1.8
24.10

62
28
10
6.59
5.12
1.58
23.52

70
24
6
6.05
4.82
1.64
22.53

0.20
11.10.
3.85
2.61
0.48
0.12

0.13
11.25
3.25
2.52
0.42
0.22

0.14
11.13
3.54
2.84
0.32
0.21

0.15
11.24
3.64
2.45
0.47
0.14

There were 23 species consisting of 12 family plants analyzed. Mostly


investigated plants were obtained from Petea site and included in Fabaceae and
Asteraceae (Table 2). Accumulation of Ni in investigated plant samples ranged between
24.6 102.4 mg kg

-1

dry weight (DW) in Butoh site, 28.6 147.6 mg kg

Rante site and 76.6 - 1039.3 mg kg

-1

-1

DW in

DW in Petea site. Spesies were collected from

Petea site can accumulating Ni more than those of two other sites.
The ability of plants in accumulating heavy metals, can be determined by
calculating the value of the Bio Concentration Factor (BCF) by the ratio between metal
concentrations in plant above-ground and the concentration of metals in the soil. The
expected value of BCF is >1. BCF values 1-10 indicates plants are classified as
hyperaccumulator, 0.1-1 indicates plants are classified as moderat accumulator, 0.01-0.1
indicates plants are classified as low accumulator, and <0.01 indicates as nonaccumulator (Wei et al., 2008; Malayeri et al. 2008). Therefore, the ability of metal
uptake by plants is discussed on the basis of the BCF.

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Table 2. Species, Family and Ni concentration in plants from different site
Site
Butoh

Rante

Petea

Spesies
Leucaena sp.
Sesbania sp
Mimosa pudica
Lantana camara
Wedelia biflora
Hyptis sp.
Crotalaria sp.
Tephrosia sp.
Mikania sp.
Chromolaena odorata
Imperata cylindrica L
Cynodon dactylon
Nephrolepis sp.
Melochia umbellate
Hyptis capitata Jacq.
Melastoma malabathricum
Weinmannia fraxinea
Trema orientalis
Celtis occidentalis
Crassocephalum rubens
Knema celebica
Knema plumulosa
Sarcotheca sp.

Family
Fabaceae
Fabaceae
Fabaceae
Verbenaceae
Asteraceae
Lamiaceae
Fabaceae
Fabaceae
Asteraceae
Asteraceae
Poaceae
Poaceae
Polypodiaceae
Sterculiaceae
Lamiaceae
Melastomataceae
Cunoniaceae
Ulmaceae
Ulmaceae
Asteraceae
Myristicaceae
Myristicaceae
Oxalidaceae

Ni Concentration
(mg kg-1)
24.3
31.4
138.9
39.4
76.7
102.4
28.6
55.3
44.3
117.8
38.1
147.6
130.6
76.6
100.0
105.2
113.2
112.5
129.2
132.7
330.6
520.8
1039.3

Most of the investigated plants are classified as an accumulator plants with BCF
values ranging from 0.010 until 0.330, were obtained from Butoh and Petea site. There
are only 3 species classified as a non-accumulator ( 0.01) ones (Table 3). None of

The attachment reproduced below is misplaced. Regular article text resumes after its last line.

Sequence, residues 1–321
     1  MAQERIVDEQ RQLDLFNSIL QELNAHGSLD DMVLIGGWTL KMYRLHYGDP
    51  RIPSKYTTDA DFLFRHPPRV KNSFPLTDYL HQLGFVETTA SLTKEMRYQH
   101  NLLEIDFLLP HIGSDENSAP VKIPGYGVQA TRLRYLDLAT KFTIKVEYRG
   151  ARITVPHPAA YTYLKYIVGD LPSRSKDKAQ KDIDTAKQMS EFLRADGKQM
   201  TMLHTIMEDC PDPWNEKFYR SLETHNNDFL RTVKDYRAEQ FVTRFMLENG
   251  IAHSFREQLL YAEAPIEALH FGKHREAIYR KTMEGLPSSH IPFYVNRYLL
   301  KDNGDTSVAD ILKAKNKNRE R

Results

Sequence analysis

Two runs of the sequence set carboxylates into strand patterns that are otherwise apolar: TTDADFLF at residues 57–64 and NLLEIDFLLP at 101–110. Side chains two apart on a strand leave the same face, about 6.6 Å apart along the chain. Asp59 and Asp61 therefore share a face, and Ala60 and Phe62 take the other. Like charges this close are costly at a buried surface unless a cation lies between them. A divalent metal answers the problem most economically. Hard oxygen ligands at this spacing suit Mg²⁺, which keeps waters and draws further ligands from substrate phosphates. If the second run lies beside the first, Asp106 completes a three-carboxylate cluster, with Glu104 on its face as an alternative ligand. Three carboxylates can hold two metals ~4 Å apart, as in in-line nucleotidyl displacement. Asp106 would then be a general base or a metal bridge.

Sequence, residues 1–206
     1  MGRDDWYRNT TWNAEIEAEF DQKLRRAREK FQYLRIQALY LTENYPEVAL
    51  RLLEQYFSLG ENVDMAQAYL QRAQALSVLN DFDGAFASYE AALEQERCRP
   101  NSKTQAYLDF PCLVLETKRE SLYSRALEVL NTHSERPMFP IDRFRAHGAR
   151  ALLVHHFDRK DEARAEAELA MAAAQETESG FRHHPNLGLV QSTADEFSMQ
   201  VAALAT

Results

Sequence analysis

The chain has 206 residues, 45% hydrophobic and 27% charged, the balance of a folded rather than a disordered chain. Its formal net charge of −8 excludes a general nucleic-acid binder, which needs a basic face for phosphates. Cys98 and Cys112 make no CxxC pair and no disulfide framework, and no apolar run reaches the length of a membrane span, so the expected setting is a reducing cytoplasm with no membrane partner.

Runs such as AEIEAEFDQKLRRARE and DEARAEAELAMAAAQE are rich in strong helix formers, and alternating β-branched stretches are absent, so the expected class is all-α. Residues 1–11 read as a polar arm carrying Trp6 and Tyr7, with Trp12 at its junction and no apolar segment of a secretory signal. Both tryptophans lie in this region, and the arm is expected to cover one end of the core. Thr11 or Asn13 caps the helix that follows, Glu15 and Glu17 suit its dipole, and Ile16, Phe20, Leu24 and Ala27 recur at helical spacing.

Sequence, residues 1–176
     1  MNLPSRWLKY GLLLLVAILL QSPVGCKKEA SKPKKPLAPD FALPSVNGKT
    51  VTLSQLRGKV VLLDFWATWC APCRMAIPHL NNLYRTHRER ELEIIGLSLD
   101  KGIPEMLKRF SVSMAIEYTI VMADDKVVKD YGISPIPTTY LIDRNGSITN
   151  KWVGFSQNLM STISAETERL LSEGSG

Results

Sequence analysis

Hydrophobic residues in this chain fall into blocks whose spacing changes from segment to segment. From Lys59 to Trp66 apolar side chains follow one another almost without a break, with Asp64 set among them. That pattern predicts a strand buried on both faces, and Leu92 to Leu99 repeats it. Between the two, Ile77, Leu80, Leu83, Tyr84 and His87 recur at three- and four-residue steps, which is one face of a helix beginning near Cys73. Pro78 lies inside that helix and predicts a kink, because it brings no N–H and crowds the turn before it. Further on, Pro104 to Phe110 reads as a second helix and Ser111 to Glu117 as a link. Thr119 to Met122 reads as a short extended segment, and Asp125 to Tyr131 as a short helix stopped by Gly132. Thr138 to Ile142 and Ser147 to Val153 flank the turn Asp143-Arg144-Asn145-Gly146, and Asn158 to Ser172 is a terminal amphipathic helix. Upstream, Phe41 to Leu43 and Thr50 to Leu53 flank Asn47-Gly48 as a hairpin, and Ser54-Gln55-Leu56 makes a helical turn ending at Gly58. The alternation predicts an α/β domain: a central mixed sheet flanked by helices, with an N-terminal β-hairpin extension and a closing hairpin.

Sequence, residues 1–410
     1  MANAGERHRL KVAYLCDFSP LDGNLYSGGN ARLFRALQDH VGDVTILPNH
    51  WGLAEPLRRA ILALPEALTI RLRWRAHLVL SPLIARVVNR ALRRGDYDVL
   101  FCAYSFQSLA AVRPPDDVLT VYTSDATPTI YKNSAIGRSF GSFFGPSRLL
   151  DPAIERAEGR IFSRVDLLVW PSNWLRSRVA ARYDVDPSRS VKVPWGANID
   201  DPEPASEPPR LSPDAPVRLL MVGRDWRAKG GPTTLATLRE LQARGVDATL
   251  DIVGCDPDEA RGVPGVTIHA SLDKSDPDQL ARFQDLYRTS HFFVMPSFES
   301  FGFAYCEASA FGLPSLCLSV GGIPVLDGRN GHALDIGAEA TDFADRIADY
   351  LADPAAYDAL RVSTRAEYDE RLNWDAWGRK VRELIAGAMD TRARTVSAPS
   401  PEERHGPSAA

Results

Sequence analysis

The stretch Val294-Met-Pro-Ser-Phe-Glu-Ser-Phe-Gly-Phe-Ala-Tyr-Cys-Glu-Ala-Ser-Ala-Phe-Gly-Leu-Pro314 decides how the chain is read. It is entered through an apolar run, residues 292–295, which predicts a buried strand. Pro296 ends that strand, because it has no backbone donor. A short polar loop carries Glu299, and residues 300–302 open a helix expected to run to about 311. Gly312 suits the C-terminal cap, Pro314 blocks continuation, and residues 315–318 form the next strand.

investigated plants reaching 1 of BCF values, indicating that none of plant species
belonging to hyperaccumulator. However, species Knema celebica, Knema plumulosa
and Sarcotheca sp. obtained from the Petea site have a BCF value 0.1 which means it
is included in moderate accumulator. The three species have a potential to being
developed as phytoremediator in Ni post-mining land.
Spesies Sarcotheca sp. can accumulate Ni 1039.3 mg kg-1, therefore it can be
classified as a hyperaccumulator. It is based on researcher statement that a
hyperaccumulation has been defined as plant that can accumulate Ni 1000 mg kg-1 on a
dry matter basis in above-ground plant tissues (Brooks et al., 1977; Reeves, 1992).

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Table 3. Species, Ni concentration in plants and BCF values from different site
Site
Butoh

Rante

Petea

Spesies
Leucaena sp.
Sesbania sp
Lantana camara
Wedelia biflora
Hyptis sp.
Mimosa pudica
Crotalaria sp.
Imperata cylindrica L
Mikania sp.
Tephrosia sp.
Chromolaena odorata
Nephrolepis sp.
Cynodon dactylon
Melochia umbellate
Hyptis capitata Jacq.
Melastoma malabathricum
Weinmannia fraxinea
Trema orientalis
Celtis occidentalis
Crassocephalum rubens
Knema celebica
Knema plumulosa
Sarcotheca sp.

na: non accumulator, * low accumulator,

Ni Concentration
(mg kg-1)
24.3
31.4
39.4
76.7
102.4
138.9
28.6
38.1
44.3
55.3
117.8
130.6
147.6
76.6
100.0
105.2
113.2
112.5
129.2
132.7
330.6
520.8
1039.3

BCF
0.010*
0.013*
0.016*
0.031*
0.042*
0.056*
0.005 na
0.006 na
0.008 na
0.010*
0.022*
0.024*
0.028*
0.024*
0.032*
0.033*
0.036*
0.036*
0.041*
0.042*
0.105**
0.165**
0.330**

** moderate accumulator

Acknowledgement
Financial support for this research was provided by Directorate General High
Education through Education Financial support for Post Graduate Program Agriculture
Faculty of Brawijaya University. Author would like to forward gratitude to
Management of PT. INCO at Sorowako, specially to Rehabilitation Devision and all
staff who have provided licence and support on this research conductance. Sincerely
thank to Dr. Aiyen Tjoa for analysis of Ni content in samples.